Momentum 3 is a Headphone with a lot of life and a powerful impact, a nice amount of reach in the lows, and a good amount of features. It is priced at 400 USD, although the price is lower in most of the Europe, including Romania (350 USD medium and 335 lowest). This means that it will get compared to HIFIMAN Deva, MAS Audio Science X5h, and Verum One. There is no pairing possible, since they are bluetooth, but I will explain a bit in the Sound part of this review how the sound differs when you’re driving them from a smartphone, dedicated DAC or using them cabled as a USB DAC.
That being said, it should be noted that I have absolutely no affiliation with Sennheiser, I am not receiving any incentive for this review or to sweeten things out. I’d like to thank Sennheiser for providing the sample for this review, with me being responsible for paying the custom taxes. Every opinion expressed is mine and I stand by it, the purpose of this review is to help those interested in Sennheiser Momentum 3 Bluetooth Headphones find their next music companion.
First things first, let’s get the packaging out of the way:
The package is both cool and fun to work with, they have all the cables they could need, there’s a microphone embedded and it is of a very good quality, and you even have a carrying case in the grey color. There’s even a USB cable, and you can use the Momentum 3 Headphones as a USB DAC from a computer.
There are no spare pads included in the package, so the package is great for the price, but no extra-extras there.
What to look for when purchasing a midrange Bluetooth Headphone
The build quality is pretty simple, although they can fold to take less space, and there’s quite a bit of leather, or at least leather imitation in the build of the Momentum 3 Headphones. The nice thing about them is that you have a lot of features with them, and I’ll try to talk through all of them in this part of the review.
The earpads are not the deepest, but they are not shallow either, so you get an average level of comfort. They are made for long hours of usage, having noise cancelling embedded, and their noise cancelling is probably the best I’ve heard to date. There’s a bit of a hotspot at the top of the headphone, and also a bit of a hotspot at the ear levels when wearing them for more than one hour, but it is not so terrible, at least compared to most other well-isolating over-the-ear closed-back headphones.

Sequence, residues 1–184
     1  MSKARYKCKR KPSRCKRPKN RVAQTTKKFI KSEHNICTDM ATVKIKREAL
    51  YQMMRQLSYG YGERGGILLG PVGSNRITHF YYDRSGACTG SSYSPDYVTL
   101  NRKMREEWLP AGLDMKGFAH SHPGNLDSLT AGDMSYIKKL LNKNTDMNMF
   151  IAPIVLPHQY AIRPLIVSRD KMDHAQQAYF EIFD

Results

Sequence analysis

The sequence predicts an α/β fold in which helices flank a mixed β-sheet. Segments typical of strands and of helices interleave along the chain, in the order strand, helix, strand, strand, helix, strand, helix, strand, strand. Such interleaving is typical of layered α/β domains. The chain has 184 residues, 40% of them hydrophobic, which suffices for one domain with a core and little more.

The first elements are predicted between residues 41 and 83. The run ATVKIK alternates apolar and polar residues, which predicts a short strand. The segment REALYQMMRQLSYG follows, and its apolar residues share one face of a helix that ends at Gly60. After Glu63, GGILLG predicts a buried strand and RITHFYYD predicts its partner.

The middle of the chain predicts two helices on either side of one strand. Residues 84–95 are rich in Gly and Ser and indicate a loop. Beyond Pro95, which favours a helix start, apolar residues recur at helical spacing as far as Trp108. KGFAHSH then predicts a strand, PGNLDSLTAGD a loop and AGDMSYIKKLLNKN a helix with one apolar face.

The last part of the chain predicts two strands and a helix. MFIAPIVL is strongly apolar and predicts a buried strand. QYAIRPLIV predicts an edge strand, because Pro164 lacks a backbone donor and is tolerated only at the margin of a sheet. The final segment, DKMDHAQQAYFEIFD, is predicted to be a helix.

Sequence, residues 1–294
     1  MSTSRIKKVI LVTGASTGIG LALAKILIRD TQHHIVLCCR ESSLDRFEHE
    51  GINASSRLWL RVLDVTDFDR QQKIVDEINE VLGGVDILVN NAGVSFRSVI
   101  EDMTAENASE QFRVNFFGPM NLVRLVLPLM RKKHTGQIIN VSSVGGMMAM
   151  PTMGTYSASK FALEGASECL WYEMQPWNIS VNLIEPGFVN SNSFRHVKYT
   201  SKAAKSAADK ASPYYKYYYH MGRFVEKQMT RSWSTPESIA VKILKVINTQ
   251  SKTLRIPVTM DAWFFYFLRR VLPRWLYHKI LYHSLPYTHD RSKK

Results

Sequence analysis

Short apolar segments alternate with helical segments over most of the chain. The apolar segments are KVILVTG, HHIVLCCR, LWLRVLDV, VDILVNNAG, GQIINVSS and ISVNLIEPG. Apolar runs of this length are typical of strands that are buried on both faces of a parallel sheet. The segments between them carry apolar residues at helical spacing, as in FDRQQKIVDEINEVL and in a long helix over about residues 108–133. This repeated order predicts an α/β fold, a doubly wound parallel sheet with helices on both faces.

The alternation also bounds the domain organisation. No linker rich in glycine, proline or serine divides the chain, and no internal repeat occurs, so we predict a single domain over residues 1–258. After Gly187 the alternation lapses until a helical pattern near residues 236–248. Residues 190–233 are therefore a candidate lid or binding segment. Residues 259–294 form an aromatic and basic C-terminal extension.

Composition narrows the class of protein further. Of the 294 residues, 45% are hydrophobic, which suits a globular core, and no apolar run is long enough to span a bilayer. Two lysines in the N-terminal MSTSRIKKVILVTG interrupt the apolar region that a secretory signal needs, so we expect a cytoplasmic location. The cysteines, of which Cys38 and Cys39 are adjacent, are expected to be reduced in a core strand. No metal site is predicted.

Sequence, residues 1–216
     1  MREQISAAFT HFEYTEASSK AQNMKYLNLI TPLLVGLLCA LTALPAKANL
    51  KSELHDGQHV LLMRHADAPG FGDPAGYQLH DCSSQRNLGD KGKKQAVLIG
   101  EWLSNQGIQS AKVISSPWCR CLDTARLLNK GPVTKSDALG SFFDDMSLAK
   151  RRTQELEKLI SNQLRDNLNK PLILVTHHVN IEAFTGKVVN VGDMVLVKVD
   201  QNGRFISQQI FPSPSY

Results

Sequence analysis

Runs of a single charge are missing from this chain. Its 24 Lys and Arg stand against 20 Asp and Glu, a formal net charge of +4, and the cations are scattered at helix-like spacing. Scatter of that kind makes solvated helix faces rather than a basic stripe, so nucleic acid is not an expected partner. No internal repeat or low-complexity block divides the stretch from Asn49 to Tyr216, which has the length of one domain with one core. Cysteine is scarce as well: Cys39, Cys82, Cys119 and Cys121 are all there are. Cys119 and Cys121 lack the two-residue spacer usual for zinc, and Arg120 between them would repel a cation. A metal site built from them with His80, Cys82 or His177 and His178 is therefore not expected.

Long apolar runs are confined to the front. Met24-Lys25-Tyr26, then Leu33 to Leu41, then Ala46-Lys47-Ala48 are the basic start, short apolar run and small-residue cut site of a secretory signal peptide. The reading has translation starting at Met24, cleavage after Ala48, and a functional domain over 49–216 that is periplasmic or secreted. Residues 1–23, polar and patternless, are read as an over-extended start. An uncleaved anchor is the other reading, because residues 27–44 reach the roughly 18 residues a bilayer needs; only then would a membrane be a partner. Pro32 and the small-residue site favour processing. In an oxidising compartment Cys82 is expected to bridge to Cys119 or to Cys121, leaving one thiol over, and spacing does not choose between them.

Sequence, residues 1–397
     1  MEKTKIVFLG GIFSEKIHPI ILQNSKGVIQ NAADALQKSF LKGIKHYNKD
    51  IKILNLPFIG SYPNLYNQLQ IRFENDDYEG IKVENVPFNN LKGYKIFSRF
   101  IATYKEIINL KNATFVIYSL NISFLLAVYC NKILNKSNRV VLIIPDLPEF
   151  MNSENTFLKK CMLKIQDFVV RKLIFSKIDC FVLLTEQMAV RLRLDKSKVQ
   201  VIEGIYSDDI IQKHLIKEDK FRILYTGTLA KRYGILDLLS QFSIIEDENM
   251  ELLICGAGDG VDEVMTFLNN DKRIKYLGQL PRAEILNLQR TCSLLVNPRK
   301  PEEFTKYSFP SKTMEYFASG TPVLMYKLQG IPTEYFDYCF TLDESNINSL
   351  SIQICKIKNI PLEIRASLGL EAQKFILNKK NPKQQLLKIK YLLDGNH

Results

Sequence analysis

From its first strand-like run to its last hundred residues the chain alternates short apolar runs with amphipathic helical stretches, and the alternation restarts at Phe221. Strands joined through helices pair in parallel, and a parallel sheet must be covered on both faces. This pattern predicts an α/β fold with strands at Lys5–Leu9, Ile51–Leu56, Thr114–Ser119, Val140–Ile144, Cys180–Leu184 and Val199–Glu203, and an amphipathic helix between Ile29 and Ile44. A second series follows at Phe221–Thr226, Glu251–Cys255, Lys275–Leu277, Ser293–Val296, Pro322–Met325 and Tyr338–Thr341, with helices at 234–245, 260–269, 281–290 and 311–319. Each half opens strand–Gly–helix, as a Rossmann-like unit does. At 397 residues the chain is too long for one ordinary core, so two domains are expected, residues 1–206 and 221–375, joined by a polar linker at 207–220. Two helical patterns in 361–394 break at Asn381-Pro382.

Of course, there’s a beauty to them, and the ear cups swivel in every direction, so they can theoretically adjust to your head size and shape nicely.
They come with a wide usage scenario, and unlike my other latest review, that of the DAC I Special from SW1X, which had one narrow application, the Momentum 3 Bluetooth headphones can work with almost anything.
They have Bluetooth 5.0, including aptX, aptX LL , or Low Latency, they have a good connection reliability, and they even have an analogue mode, where you can use them with a normal 3.5mm audio cable from a good source. They don’t work much better from a high-quality source, and I actually prefer them on Bluetooth.
The best mode is off mode, where the Noise Cancelling is turned off. There’s also an On mode, where it tries to cancel every noise out there, and there’s a Passthrough Mode, where it records and amplifies every noise that’s being fed into the headphones. This is like trying to emulate them being open-back without them leaking any sound.
The Momentum 3 Headphones is also good at sports, as it has a tight fit, and it won’t fall off your ears if you’re moving a lot.
The sound quality is actually pretty good, even for a diehard audiophile like me, and I have been enjoying them quite a lot lately, especially since I didn’t have a headphone with me in many trips, so I took the Momentum 3 Instead. For a very basic setup, they are just perfect.
The bass is a central element for the Momentum, although they can be described as a V-Shaped with a really fun bass too. The bass is strong, deep, has extreme impact, and a good amount of depth too. Did I mention depth? They can rattle your ears at 20 Hz, thing pretty much unseen in headphones, and I can say that at this level of fun, I couldn’t resist and had to indulge a bit on the sound. The overall sound is generally dry too, so you get not only deep bass, but it has a fair speed, with a good amount of detail too. Those who want Dubstep, EDM and Electronic to sound really impactful should brace and put those on at maximum volume, they are just perfect for that, and watching movies / playing games with a ton of effects, also thanks to the aptX LL.